The men see it is no use. They settle down for another drink. Tyrone orders Jamie to stop quoting poetry; it's too morbid for his house. Mary finishes the play with a story: when she went to Mother Elizabeth and told her she wanted to be a nun, and that she'd had a vision of the Virgin Mary, granting her consent. Mother Elizabeth told her that she must be even more certain. If she felt so sure, she should go home after school for another year, and try to enjoy herself with the other girls, dancing and going to parties. And if after a year she was still certain, then she should come back and take vows.
Mary was shocked by this advice, but she agreed to follow it. She struggles for a moment to remember what happened next, and then it comes back to her: "That was in the winter of senior year. Then in the spring something happened to me. Yes, I remember. I fell in love with James Tyrone and was so happy for a time."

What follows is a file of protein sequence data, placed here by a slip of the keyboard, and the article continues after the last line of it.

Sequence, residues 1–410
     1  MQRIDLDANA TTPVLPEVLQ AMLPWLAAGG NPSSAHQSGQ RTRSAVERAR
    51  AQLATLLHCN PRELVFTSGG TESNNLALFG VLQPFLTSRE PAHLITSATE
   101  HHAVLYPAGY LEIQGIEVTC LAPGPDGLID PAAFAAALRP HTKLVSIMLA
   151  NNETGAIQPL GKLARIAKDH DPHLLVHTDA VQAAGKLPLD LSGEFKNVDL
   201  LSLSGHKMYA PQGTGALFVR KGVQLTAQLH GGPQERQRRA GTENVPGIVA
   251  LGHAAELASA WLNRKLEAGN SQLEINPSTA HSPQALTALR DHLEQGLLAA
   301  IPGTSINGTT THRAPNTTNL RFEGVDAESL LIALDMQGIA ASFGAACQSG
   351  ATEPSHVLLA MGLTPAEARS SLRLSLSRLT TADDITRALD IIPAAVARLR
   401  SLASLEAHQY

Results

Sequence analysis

The conversation between Edmund and Jamie is the second vital conversation of the play. The play has little in the way of plot, but if it can be said to have a climax, that climax is Edmund's forgiveness of his brother and father.
It is because of this climax that Edmund emerges as the play's central character. In previous acts, he had as much or as little stage time as the other characters. And even here in Act Four, he speaks less than Jamie or Tyrone. What speech he does have is relatively unimportant. But the key to Edmund's emergence as hero is that he listens. Listening and attempting to understand are Edmund's great strengths. He is open to the stories of Tyrone and Jamie in ways that Tyrone and Jamie could never be open to each other. Edmund is able to escape the burden of the past, or at least deal with it, because of his capacity to forgive. Remember that Edmund is unmistakably, and undeniably, the younger Eugene O'Neill. So for all of the darkness and sadness of the play, all audience members would know that Edmund survived and became one of his country's first great playwrights.